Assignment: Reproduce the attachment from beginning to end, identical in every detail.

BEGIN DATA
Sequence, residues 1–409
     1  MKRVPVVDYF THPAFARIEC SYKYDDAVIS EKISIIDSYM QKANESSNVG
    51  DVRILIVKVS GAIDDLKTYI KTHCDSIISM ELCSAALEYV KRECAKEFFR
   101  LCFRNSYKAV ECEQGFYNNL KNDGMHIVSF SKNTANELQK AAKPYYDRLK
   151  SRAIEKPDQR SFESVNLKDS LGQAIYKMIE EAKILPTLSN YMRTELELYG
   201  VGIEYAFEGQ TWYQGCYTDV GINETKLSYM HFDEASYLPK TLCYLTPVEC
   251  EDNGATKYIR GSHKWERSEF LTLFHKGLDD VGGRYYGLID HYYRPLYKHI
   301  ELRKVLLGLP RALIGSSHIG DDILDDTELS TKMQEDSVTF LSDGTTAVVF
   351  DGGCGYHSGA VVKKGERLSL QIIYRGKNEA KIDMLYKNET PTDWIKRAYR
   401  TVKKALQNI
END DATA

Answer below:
Sequence, residues 1–409
     1  MKRVPVVDYF THPAFARIEC SYKYDDAVIS EKISIIDSYM QKANESSNVG
    51  DVRILIVKVS GAIDDLKTYI KTHCDSIISM ELCSAALEYV KRECAKEFFR
   101  LCFRNSYKAV ECEQGFYNNL KNDGMHIVSF SKNTANELQK AAKPYYDRLK
   151  SRAIEKPDQR SFESVNLKDS LGQAIYKMIE EAKILPTLSN YMRTELELYG
   201  VGIEYAFEGQ TWYQGCYTDV GINETKLSYM HFDEASYLPK TLCYLTPVEC
   251  EDNGATKYIR GSHKWERSEF LTLFHKGLDD VGGRYYGLID HYYRPLYKHI
   301  ELRKVLLGLP RALIGSSHIG DDILDDTELS TKMQEDSVTF LSDGTTAVVF
   351  DGGCGYHSGA VVKKGERLSL QIIYRGKNEA KIDMLYKNET PTDWIKRAYR
   401  TVKKALQNI